The Ukrainian Baptist Seminary sanctuary is empty as I compose this latest blog. Two hours earlier, nearly 140 people filled those chairs praying, singing and listening to a sermon explaining why this holy day called Easter is important for Christians around the world.
They do this in a space that looks a lot like a Baptist or non-denominational church in Raleigh. Simple structure; wooden beams stretched skyward that also form what could be the hull of a boat to carry parishioners through choppy waters; spotless glass; and like most church shrines, seats. The back rows are crowded. Empty seats? Where else? The first rows.
Some things are universal, regardless of language.
Church seats seem to be related to or at the top of the music on this list.
Speaking of music, a three-part praise band started the morning with songs of worship. Without any real knowledge of Polish vocabulary, there were familiar words and inflections.
You just found out.
The message is delivered in Polish by the pastor, flanked by a Ukrainian interpreter.
Many in this Easter audience are refugees seeking refuge in this sanctuary.
Today they found it.
Luke’s gospel is shared with the message of women finding an empty tomb.
Also in Paul’s first letter to the Corinthians, it is sometimes necessary to limit personal freedom for the good of others.
The words fall differently in the ears and in the hearts of those present.
War does that.
A young Ukrainian named Stanislov spoke to me.
With his wife and daughters nearby, he explained how THIS Easter was different. He had just learned that some friends had managed to escape from their war-torn neighborhood.
“They are instead of peace (sic). Clear skies and are happy,” he said.
A sky not bloodied with rockets and bombs.
Afterwards everyone gathered in the dining room for a meal – traditional Polish with more sweets than a bakery. One of the delights: the Hot Cross Buns.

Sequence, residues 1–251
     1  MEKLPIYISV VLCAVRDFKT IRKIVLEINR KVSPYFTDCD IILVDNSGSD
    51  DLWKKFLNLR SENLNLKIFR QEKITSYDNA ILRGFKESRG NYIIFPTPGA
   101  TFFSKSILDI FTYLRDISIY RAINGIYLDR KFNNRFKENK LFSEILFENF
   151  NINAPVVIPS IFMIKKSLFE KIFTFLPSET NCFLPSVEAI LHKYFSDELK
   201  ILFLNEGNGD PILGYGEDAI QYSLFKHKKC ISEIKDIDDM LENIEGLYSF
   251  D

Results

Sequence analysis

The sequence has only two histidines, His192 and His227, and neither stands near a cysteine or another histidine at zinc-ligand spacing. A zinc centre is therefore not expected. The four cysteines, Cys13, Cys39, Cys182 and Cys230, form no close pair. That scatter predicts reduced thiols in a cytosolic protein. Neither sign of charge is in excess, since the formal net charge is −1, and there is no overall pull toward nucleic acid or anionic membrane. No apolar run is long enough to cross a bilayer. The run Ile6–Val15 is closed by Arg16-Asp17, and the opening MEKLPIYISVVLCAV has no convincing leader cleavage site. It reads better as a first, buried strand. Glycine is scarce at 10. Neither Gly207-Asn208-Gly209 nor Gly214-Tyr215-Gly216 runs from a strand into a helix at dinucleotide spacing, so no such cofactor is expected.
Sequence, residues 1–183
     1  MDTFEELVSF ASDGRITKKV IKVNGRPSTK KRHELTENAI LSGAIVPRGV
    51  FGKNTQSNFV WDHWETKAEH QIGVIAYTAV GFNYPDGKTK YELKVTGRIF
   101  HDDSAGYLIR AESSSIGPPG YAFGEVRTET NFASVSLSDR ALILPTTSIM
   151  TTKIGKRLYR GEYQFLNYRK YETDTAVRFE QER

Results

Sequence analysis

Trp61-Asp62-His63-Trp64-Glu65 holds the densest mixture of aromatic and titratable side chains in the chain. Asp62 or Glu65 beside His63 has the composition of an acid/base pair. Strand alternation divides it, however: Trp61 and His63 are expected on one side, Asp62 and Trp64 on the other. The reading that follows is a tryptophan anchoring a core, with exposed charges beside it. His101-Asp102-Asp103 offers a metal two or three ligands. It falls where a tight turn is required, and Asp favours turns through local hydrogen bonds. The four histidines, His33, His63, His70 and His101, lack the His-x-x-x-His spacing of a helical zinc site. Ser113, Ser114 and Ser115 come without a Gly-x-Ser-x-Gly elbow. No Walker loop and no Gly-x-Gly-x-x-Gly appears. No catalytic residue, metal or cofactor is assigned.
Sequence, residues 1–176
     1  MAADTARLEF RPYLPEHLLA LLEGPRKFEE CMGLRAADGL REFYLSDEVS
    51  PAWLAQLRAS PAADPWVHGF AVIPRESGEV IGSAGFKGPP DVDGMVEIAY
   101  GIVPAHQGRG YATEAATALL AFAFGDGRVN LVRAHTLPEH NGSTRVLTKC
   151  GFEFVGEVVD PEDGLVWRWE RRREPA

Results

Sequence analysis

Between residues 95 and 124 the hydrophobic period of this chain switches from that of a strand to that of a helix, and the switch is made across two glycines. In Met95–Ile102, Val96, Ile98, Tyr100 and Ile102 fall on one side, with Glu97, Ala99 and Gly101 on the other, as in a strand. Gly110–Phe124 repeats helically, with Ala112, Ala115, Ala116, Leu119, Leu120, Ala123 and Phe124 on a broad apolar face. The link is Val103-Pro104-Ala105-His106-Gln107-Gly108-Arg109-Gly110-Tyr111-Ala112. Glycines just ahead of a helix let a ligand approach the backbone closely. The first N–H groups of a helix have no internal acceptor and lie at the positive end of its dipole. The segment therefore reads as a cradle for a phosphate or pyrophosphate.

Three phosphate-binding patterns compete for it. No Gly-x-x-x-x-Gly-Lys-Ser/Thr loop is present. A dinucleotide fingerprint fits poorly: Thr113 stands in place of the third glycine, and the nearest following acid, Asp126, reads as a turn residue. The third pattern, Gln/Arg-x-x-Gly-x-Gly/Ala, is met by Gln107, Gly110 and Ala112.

It was time to leave and return to downtown Warsaw. Most businesses are closed for Easter, including many taxi companies.
The pastor, Piotr Czerwinski, took the floor. “I will be happy to drive you. Go on.”
What an unexpected bonus.
We interviewed Czerwinski six days ago, and since then there have been so many more questions.
During the trip, we talked about family. “I’m going to the United States, to Los Angeles, this week to visit my daughter,” he said. “She’s going to grandfather me, for the first time, in just two, three days.”
He talked about his work and juggled between the needs of his flock and the needs of the refugees. This former Navy captain has run forty-two marathons and added, “My life is one big marathon. It’s a race that never ends.
On Wednesday, a 20-person Latvian orchestra will arrive at the seminary to play for refugees here and in other camps in Warsaw.
“That should lift my spirits, make me happy for them,” Czerwinski said.
Before arriving at the hotel, we talked about the war.
“We don’t know what future, how war will be our future,” he said.
When asked if he is concerned about the use of nuclear weapons, Czerwinski replies: “No, not possible, I hope.”
He sighed: “But who knows. If the refugees have hope, I must have hope too.
“Are you praying for Putin? ” I asked.
The pastor points to his temple. “I pray for his head, his thoughts. And for his heart.
Speaking of temples, the Temple family has worked with Baptists Oo Mission around the world. Husband Bobby led this group. His wife Wanda worked diligently to make sure everything ran like clockwork.
Just before we left to return to Warsaw, Wanda said, “We are going to pray. Hold hands.
We did, the five of us forming a circle – Wanda, Bobby, me, pastor and photojournalist Chad Flowers.
With a firm yet gentle and nurturing voice, Wanda prayed for the safety and healing of the hearts of the refugees.
Then, details for the two journalists in the ring.
“Lord, we know they can’t always bring back everything they know, but now they know. Guide them with truth and confidence to help the world know what is really going on here.
And God is there, in the midst of it all, continuing the work of redemption.